Trade Name: The name Burr Oak or Oak Burl is applied to wood that has grain running in all directions. This gives rise in the cut wood to the appearance of dense whorls, curls, twists and birds eye features. Burr-wood comes from naturally occurring growths and from pollard trees. The name Burry Oak is applied to wood, often from the stump, which displays a modest amount of burr against a swirly background. Terms such as ‘figured’ may be applied to describe unusual appearance characteristics. Flat sawn timber is known as Plain Oak.
Origin: European Oak occurs widely to the West of Russia and Scandinavia and to the East of the Iberian Peninsular.
Appearance: The colour of the heartwood is typically yellowish brown, becoming warmer when exposed to light. Growth rings are very evident which gives rise to prominent figure. Radially sawn wood displays the characteristic silver grain of the broad rays.
Mechanical: The properties of European Oak vary considerably due to the variety of conditions under which it is grown. The wood generally has great bending strength, the more so when it is grown quickly. Density ranges from 670 kg/m³ for Southern grown timber to 720 kg/m³ for Northern growths. English Oak is recognised as hard and dense.
Availability: The solid material is widely available as waney-edged and square-edged boards 16-150mm thick, 125mm and upwards wide and up to 3m or more in length. Veneer is widely available in large width sheets, usually crown or quarter cut.
Timber Cuts: Oak is very durable except for the sapwood, which is usually avoided for good quality joinery. Southern grown European Oak is preferable for large runs of joinery where appearance is to be as consistent as possible. Trees grown in forest conditions produce long straight trunks with fewer knots. Much English Oak is grown in open land, which gives rise to short trunks and large heads. Such timber will be harder to machine and will contain more features and knots, though it could be considered to be characterful. European Oak in the solid produces a good general colour match to the veneer. However, the machined and polished faces of Oak joinery display a variety of features resulting from exposure of the growth rings and silver rays as well as burrs and knots. In practice it is difficult to control the extent to which such features are displayed or hidden. This should be understood when considering the match with veneer, which will usually be made from selected large clear boles to reveal crown cut or quarter cut features.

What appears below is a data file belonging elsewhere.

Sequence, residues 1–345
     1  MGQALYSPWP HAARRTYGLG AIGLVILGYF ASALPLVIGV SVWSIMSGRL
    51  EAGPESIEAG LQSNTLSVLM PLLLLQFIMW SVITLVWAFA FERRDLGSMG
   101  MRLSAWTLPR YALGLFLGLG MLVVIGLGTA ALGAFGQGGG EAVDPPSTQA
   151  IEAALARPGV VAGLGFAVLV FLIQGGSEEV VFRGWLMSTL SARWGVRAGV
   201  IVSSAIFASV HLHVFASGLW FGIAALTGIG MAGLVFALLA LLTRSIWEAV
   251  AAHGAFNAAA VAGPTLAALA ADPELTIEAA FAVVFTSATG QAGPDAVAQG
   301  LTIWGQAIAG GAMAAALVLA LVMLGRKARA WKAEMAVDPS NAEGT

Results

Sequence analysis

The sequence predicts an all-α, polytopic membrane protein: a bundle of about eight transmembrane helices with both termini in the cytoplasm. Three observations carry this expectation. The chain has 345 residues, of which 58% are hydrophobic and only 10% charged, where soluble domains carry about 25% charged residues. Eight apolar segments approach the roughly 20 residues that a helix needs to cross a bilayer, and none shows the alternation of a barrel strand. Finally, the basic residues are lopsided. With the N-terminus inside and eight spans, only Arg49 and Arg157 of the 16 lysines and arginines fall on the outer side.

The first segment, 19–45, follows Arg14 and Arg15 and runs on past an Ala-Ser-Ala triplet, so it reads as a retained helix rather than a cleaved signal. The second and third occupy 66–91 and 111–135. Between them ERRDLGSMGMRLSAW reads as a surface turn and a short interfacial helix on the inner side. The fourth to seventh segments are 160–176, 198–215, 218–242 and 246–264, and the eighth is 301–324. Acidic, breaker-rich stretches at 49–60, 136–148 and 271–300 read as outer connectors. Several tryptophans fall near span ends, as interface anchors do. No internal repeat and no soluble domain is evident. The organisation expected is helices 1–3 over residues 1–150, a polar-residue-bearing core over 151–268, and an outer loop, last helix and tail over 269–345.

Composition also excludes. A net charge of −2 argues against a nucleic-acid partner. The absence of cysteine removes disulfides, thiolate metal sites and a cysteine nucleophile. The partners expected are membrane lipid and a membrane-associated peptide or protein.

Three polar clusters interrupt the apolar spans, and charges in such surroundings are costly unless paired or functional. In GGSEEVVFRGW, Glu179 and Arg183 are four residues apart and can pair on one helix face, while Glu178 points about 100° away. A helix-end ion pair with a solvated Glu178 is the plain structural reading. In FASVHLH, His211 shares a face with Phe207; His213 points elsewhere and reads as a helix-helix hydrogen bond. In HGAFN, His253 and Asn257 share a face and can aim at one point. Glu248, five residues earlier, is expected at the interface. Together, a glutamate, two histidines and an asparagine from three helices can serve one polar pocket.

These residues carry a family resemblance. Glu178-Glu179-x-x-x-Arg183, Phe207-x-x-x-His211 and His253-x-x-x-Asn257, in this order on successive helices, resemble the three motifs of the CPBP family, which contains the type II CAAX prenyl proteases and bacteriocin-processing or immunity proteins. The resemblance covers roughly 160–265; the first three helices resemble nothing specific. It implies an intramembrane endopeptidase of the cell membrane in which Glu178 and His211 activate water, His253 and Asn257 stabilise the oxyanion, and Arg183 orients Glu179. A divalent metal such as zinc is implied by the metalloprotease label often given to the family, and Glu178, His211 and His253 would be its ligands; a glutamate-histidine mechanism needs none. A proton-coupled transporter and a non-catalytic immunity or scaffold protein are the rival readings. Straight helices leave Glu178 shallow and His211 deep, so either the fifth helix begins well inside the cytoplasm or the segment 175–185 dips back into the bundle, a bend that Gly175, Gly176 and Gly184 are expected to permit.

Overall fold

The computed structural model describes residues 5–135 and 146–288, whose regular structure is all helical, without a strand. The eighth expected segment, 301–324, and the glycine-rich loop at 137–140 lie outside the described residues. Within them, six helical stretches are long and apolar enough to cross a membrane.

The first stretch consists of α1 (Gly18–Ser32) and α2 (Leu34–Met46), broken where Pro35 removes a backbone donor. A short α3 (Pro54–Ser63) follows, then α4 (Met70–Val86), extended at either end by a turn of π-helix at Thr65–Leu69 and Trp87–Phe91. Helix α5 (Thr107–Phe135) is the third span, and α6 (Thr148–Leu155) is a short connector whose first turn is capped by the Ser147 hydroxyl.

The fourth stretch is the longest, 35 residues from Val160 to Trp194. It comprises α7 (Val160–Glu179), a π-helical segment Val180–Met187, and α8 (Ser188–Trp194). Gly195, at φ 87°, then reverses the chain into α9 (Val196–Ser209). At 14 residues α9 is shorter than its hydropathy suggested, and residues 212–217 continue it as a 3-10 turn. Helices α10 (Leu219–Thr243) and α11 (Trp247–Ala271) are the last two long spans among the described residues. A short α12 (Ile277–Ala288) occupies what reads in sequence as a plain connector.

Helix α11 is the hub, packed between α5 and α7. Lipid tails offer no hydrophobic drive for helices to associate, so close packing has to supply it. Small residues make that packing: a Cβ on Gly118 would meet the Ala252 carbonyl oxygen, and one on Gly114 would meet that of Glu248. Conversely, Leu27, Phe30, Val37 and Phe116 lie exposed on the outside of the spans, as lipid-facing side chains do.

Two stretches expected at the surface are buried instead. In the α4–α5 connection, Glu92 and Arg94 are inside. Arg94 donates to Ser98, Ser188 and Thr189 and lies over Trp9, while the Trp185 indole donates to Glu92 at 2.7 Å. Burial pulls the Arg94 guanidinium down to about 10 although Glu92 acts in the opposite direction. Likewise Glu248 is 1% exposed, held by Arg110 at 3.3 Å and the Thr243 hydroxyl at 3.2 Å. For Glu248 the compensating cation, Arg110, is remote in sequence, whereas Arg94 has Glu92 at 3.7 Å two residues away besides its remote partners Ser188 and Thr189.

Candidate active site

Veneer Cuts: European Oak veneer is usually produced from selected logs in which unwanted features, such as knots, are minimised or are limited. This gives rise to appearance in the general run of veneer which is more consistent than the solid. The veneer logs are usually big in girth and produce a large quantity of veneer, thus making it easier than with many species to get a uniform appearance in areas within a large job. Small knots and pips are usually present and should be considered as a feature. If this is not an option, the use of American White Oak could be considered as a more predictable alternative. Knotty Oak veneer is an option when a high incidence of tight knots is considered a desirable feature. Burry Oak veneer displays an open burr appearance within a swirly grain. Burr Oak veneer displays tight and usually continuous burrs. Burr veneers are available in small veneer sheets and are most often used quarter matched or mirror matched as feature panels with inlaid surrounds. Each piece of Burr wood will yield only a small amount of usable veneer, so matching on larger schemes should be carefully planned.
Relative Costs: Crown or quarter cut veneer 3. Burry Oak veneer 5. Burr Oak veneer 10
Properties: The denser and tougher the wood, the harder it will be to produce finished joinery which is free from defects. Where this is a prerequisite, timber should be carefully selected. American Oak can be considered when freedom from feature and consistency over a large job is important. The wood will stain when in contact with iron if not completely dry. Both solid wood and veneer take polishes.
Seasoning: These species are very slow to season and great care has to be taken to avoid splitting